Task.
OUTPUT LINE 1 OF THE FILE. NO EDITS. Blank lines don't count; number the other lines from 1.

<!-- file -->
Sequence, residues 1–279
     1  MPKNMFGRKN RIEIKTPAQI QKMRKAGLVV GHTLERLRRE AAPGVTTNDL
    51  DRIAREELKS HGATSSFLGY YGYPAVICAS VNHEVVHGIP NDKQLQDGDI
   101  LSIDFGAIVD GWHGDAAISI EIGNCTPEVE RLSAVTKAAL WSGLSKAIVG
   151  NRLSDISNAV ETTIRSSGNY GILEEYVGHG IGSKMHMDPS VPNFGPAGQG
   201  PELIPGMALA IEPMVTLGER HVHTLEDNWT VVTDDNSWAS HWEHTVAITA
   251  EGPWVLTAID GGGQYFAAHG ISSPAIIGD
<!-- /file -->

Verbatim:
Sequence, residues 1–279